Fife opencast coal mine to be reforested to create home for rare amphibians

Newts are being given a helping hand this winter on a former opencast coal mine near Oakley, thanks to work to build artificial, winter hibernation homes for the threatened species.

The Blair House project is part of a drive by Forestry and Land Scotland (FLS) to repurpose a number of brownfield sites, while locking up carbon and improving the environment for protected species and humans.

Blair House is already home to significant populations of amphibians, including European protected species such as the great crested newt, which are attracted by the ponds and wetlands that are commonly found on old opencast mining sites across Scotland.

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The Blair House project is part of a drive by Forestry and Land Scotland to repurpose a number of brownfield sites.

While some species, such as the common frog, are doing reasonably well in the UK, other amphibians across UK and Europe more generally are in long-term decline and require active habitat management.

Once a common sight in back gardens and ponds everywhere, common toads, for example, have seen populations declining by 68 per cent over the past 30 years.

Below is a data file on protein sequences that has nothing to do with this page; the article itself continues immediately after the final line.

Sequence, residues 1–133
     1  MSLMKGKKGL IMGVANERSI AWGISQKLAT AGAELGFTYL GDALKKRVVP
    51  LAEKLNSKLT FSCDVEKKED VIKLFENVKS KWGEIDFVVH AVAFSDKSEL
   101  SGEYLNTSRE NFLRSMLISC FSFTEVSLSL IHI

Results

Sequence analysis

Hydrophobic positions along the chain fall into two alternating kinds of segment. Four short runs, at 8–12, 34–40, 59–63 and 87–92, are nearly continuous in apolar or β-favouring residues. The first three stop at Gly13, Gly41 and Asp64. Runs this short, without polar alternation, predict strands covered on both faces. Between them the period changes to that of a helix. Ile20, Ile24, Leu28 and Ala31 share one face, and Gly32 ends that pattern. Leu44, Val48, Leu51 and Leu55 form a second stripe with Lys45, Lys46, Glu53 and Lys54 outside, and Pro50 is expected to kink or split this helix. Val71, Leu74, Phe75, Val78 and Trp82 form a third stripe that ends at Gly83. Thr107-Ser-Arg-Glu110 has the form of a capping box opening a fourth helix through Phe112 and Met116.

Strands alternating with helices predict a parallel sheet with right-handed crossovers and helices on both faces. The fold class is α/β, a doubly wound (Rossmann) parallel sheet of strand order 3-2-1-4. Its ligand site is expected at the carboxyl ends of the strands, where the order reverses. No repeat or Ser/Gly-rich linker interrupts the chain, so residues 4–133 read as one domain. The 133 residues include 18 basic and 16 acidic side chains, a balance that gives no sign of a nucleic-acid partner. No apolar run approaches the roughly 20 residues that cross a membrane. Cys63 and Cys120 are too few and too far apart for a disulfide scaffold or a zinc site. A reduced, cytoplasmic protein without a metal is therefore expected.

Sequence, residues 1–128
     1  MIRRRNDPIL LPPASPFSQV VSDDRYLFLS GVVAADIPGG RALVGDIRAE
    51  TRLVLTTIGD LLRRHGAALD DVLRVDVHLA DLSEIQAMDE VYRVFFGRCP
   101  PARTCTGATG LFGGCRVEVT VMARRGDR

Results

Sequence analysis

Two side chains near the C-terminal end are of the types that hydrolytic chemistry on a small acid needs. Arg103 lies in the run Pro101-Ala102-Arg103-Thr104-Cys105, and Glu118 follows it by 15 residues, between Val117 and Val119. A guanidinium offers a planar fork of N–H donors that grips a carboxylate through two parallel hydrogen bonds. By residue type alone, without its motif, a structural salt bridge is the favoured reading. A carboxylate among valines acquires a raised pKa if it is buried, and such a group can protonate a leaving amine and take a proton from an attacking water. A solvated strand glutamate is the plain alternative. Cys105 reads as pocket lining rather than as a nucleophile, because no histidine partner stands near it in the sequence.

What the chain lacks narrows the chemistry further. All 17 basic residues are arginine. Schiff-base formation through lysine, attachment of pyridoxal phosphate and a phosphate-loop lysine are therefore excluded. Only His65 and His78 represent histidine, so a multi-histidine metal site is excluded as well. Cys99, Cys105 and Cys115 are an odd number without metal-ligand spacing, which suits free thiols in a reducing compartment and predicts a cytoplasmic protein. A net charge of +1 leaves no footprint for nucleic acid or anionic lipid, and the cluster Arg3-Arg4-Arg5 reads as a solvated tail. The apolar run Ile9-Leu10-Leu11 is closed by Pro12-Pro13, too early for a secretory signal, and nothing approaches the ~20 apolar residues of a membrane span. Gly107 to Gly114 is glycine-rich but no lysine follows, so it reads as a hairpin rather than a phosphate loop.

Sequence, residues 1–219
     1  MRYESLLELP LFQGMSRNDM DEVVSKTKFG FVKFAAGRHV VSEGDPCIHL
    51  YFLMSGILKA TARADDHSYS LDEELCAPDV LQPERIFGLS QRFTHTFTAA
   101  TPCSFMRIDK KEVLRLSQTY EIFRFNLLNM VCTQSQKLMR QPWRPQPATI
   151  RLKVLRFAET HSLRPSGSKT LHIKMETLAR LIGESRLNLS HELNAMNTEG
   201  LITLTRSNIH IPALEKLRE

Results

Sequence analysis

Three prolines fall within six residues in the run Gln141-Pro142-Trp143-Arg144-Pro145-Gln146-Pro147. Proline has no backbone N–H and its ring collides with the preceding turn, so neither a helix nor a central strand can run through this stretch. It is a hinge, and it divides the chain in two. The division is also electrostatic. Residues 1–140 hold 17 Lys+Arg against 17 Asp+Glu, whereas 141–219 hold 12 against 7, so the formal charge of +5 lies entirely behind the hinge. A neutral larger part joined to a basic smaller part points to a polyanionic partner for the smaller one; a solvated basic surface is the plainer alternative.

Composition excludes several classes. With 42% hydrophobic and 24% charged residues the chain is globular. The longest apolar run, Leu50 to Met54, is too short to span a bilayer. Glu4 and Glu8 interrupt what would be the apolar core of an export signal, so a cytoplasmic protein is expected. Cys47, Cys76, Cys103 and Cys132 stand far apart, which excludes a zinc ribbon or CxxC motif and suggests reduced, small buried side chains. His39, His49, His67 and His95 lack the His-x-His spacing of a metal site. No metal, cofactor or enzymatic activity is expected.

Together with a group of corporate volunteers from NatWest, and in partnership with The Conservation Volunteers, FLS is planting a new woodland on the former mine site to complement the productive plantation also being created.

About 80,000 trees will be planted by the time the project is complete.

Juli Titherington, Forestry and Land Scotland’s environment advisor, said: “Once a common sight in back gardens and ponds, habitat fragmentation, the draining of ponds and wetland areas and a lack of suitable habitats are all factors in the continued decline in creatures such as toads and newts.

“By giving them a helping hand – by creating artificial, overwintering habitats – we can aid their recovery in the short term while the new woodland establishes to create natural hibernacula.

“We’ve selected the tree species to best match the local conditions and to provide habitats for animals and a lovely place to enjoy for human visitors.

"We’ve also taken into account climate models and likely warmer temperatures.

“Along with all of Scotland’s woodlands, this new woodland will absorb carbon from the atmosphere while it grows, helping to mitigate climate change, while ensuring a long term supply of timber.”

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